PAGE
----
Some of these turns of fate are more dramatic and complete than others. But once we tally up the losses, it could be that 2022 marksthe year our love affair with narcissists started to falter. Many of them met this year with declines in fortunes, falls from grace ornewfound public skepticism. Many seemed to overstay their welcome in the public glare. And if this is the moment when we started to craveboring public figures for a change — well, to a large degree, the egotists did it to themselves. Maybe they couldn’t help it.

I think right now people are getting sick of it,” said John P. Harden, a political science professor at Ripon College, whenI tested my theory of narcissism’s limits to him over the phone. I’d reached out because Harden studies narcissism in politics: Fora 2021 paper in International Studies Quarterly, he reviewed detailed surveys of presidential historians, correlated them withpsychology research, and created a kind of narcissism index for U.S. presidents up to the early 2000s. Toward the bottom were JimmyCarter, George H.W. Bush and Calvin Coolidge. At the top were Lyndon Johnson, Richard Nixon and Theodore Roosevelt. Harden’s theory isthat ego can drive history: In international conflicts, a narcissistic president is likely to fret about being disrespected,threaten opponents and act unilaterally, ignoring advisers or allies.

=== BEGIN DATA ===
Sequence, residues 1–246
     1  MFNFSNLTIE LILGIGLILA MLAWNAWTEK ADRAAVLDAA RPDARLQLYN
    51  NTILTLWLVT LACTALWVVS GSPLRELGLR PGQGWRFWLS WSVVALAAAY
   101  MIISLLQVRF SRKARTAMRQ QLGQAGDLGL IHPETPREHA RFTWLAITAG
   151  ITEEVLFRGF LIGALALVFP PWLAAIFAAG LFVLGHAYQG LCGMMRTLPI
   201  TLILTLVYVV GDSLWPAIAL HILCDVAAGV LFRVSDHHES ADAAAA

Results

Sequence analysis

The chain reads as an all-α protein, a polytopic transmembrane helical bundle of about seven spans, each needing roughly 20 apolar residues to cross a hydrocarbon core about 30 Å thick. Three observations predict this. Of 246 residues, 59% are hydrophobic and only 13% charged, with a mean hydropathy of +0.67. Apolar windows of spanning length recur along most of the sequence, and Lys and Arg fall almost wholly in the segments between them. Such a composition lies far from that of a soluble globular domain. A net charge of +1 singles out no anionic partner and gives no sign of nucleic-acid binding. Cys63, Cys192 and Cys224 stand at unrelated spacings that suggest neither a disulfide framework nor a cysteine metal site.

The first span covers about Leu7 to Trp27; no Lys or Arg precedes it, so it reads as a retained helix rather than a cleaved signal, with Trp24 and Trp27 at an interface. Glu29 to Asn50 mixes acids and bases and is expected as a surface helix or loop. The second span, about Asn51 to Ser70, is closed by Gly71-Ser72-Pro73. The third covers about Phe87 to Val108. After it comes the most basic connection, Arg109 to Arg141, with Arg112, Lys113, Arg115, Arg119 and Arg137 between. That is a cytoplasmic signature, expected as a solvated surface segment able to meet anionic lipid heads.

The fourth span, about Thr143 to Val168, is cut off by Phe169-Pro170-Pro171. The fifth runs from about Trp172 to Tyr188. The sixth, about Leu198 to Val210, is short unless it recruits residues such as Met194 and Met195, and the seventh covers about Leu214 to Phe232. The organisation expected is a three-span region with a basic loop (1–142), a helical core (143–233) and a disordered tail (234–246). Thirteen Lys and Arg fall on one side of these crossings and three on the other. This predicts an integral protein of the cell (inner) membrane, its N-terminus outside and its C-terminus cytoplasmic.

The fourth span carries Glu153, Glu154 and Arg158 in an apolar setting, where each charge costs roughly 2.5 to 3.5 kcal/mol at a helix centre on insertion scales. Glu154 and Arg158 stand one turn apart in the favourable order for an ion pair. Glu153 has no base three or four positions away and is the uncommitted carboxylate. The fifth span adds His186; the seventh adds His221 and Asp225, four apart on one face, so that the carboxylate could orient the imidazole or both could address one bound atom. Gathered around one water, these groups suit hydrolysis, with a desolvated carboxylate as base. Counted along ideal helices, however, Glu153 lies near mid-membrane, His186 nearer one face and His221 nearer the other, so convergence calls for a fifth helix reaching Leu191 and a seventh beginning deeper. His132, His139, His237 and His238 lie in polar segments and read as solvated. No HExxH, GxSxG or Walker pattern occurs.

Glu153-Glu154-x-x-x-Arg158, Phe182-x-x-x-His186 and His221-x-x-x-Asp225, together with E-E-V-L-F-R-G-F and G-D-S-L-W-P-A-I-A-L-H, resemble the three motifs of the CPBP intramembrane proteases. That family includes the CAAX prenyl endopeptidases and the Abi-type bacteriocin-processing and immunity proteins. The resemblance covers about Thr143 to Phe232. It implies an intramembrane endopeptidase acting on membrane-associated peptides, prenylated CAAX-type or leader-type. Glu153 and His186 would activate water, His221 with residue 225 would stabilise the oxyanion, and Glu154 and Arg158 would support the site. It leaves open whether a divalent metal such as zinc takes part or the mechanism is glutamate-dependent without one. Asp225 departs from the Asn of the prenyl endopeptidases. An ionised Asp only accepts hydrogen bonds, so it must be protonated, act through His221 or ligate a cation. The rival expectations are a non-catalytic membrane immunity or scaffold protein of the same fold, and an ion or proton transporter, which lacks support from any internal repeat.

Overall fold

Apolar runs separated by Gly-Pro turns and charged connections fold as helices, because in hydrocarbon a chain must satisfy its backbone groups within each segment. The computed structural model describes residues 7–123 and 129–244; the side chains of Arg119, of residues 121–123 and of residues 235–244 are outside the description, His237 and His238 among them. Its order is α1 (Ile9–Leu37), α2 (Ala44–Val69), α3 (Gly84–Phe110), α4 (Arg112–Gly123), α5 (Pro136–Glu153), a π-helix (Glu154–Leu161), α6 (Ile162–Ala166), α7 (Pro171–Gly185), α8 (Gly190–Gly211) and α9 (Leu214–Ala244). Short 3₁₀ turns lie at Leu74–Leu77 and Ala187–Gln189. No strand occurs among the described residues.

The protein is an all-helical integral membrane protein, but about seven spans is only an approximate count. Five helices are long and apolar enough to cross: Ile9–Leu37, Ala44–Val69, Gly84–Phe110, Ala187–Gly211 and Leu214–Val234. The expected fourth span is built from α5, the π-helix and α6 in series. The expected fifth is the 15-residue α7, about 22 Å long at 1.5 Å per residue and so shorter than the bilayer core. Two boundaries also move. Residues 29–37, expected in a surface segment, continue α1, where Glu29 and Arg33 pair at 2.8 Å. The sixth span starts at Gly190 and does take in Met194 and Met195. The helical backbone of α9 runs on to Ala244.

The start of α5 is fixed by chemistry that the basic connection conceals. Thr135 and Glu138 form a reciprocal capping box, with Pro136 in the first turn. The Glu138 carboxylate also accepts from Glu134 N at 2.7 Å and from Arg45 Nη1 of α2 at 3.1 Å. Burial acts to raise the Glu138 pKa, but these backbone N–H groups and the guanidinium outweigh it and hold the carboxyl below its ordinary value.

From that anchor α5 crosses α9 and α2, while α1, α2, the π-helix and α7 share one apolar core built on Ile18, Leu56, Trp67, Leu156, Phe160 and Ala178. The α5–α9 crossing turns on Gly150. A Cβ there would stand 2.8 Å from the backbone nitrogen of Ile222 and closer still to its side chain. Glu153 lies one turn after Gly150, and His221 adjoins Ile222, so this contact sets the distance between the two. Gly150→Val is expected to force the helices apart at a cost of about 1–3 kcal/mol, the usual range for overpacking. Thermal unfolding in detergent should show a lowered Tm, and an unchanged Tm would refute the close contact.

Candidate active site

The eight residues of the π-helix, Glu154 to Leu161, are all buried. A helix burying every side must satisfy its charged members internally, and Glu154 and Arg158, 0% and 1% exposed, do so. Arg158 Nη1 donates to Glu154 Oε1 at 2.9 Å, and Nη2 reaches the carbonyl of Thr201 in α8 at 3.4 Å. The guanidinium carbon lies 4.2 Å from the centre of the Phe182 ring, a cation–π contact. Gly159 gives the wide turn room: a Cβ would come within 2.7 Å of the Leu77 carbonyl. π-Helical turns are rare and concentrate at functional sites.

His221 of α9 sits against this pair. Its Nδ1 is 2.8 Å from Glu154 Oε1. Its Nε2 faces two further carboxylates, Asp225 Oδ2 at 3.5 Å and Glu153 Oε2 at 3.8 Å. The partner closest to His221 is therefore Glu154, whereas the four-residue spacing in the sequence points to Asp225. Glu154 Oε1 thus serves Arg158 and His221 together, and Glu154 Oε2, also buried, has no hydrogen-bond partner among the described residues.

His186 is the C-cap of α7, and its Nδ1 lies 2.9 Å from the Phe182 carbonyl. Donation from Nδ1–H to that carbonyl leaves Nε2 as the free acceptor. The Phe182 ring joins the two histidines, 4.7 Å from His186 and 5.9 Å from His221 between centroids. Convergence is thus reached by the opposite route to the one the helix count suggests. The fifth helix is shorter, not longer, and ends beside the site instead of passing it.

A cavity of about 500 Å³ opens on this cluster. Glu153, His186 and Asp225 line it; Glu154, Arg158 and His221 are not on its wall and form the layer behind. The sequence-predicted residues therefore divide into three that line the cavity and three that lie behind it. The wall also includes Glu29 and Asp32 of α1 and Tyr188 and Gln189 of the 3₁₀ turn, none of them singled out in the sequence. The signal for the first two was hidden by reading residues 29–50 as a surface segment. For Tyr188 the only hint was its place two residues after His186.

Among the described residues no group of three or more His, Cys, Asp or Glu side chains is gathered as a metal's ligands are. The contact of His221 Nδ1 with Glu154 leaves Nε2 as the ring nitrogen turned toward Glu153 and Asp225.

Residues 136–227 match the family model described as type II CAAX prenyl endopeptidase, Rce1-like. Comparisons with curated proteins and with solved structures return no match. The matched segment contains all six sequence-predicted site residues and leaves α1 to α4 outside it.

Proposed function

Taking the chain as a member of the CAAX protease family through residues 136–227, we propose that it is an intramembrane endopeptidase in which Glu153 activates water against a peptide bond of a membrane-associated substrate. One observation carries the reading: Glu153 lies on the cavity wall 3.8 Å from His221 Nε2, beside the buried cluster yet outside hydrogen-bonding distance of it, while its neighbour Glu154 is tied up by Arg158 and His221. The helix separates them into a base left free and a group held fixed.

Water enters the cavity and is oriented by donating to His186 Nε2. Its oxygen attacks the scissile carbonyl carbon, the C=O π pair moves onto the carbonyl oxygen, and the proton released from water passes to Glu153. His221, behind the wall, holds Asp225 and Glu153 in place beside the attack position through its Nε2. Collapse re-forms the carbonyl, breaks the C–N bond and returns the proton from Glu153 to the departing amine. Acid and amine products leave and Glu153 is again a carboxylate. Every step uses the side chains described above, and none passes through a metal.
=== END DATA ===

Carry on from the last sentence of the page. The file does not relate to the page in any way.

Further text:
Narcissism can be a clinical diagnosis, Harden told me, but socialscientists define it as a personality trait. It shows up on a spectrum: All of us have some degree of self-love, which probablyexplains our behavior on Facebook and Instagram. But the people Harden calls “grandiose narcissists” — or, at one point in ourconversation, “charismatic attention hogs” — stand apart. They believe they’re the absolute best at what they do. They go to greatlengths to protect and defend their egos. They strive to be unique and promote themselves energetically.

A shot of Meghan and Harry from their Netflix series "Harry and Meghan"

The Guardian compared Meghan and Harry to “a pair of ancient mariners with a TV contract, condemned to tell their tale to everyonethey meet.” | Courtesy of Prince Harry and Meghan, The Duke and Duchess of Sussex.